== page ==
Several researchers at Washington University in St. Louis recently published a study in the scientific journal Proceedings of the National Academy of Sciences (PNAS), They highlight that several reasons would prevent this, at least in the medium or long term, Mars is a habitable option for humans.
Despite the perception that the so-called ‘red planet’ It is a brother to the planet Earth, the fact, according to scientists, is that the arid environment and lack of water reduce the chances of it being habitable for humans.
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The study suggests that this may be because, apparently, Mars is not large enough to hold water.
“Mars is only 53% the diameter of Earth (a little more than half the size), and this would make it impossible for Mars to hold onto volatiles that we know are vital to life, like water.” The authors explain in a statement.
Being so small would prevent this planet from holding large amounts of water resources necessary for human life.
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Remote sensing studies and analyzes of Martian meteorites dating back to the 1980s assume that Mars was richer in water, compared to Earth. NASA’s orbiting Viking spacecraft and, more recently, the Curiosity and Perseverance spacecraft on Earth, have yielded dramatic images of views of Mars punctuated by river valleys and flood channels.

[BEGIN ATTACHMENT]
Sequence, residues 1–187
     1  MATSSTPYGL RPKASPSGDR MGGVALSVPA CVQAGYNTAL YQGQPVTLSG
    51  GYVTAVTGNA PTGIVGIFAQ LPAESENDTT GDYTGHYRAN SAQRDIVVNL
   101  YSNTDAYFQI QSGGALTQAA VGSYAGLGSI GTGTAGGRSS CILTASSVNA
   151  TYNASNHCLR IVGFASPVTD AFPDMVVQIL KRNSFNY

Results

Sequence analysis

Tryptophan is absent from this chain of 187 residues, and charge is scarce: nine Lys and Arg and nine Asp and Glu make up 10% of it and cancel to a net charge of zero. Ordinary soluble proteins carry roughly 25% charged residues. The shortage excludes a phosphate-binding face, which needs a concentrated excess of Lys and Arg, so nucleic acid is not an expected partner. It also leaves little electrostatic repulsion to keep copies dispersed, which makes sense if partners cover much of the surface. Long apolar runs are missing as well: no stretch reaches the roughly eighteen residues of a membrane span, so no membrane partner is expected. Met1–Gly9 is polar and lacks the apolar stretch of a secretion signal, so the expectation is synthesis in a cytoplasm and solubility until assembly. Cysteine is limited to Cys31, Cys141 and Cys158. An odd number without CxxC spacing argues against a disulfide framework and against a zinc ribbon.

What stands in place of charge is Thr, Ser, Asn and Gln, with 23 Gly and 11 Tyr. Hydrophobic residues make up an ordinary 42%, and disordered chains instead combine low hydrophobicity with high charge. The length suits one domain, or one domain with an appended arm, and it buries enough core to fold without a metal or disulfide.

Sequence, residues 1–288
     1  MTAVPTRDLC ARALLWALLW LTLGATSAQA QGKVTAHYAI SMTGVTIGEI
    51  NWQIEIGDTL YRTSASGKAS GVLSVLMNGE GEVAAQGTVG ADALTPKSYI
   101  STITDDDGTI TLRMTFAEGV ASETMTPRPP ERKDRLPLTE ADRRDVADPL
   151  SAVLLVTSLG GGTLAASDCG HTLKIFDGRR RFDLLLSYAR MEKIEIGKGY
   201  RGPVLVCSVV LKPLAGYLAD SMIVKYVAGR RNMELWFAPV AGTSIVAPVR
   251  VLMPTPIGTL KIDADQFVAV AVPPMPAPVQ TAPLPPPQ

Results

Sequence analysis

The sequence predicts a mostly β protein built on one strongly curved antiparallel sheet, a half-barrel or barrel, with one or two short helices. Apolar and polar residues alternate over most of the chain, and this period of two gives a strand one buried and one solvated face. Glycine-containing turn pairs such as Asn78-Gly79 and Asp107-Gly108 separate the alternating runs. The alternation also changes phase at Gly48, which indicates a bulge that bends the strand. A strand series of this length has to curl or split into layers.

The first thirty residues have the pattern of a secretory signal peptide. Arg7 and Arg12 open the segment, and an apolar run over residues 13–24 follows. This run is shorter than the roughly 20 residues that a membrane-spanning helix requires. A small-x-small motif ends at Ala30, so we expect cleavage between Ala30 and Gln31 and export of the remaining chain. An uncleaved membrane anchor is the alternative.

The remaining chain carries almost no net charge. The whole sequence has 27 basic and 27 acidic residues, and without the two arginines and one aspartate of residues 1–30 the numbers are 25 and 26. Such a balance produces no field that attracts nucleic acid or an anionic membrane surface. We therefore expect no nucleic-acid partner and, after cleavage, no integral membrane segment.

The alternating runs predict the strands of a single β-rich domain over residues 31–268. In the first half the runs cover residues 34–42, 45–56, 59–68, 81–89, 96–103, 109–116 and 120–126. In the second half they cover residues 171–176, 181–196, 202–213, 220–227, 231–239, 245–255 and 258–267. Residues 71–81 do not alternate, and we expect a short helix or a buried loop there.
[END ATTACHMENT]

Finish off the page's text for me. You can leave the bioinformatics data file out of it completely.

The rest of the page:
Despite this evidence, there was no liquid water left on the surface. Researchers have come up with several possible explanations, including the weakening of Mars’ magnetic field that could lead to the loss of a thicker atmosphere.
“The fate of Mars was decided much earlier,” said Kun Wang, associate professor of Earth and Planetary Sciences in Arts and Sciences and lead author of the study. “There is likely to be a threshold in the size requirements of rocky planets to hold enough water to allow life and plate tectonics, with a mass greater than that of Mars,” the researcher said.
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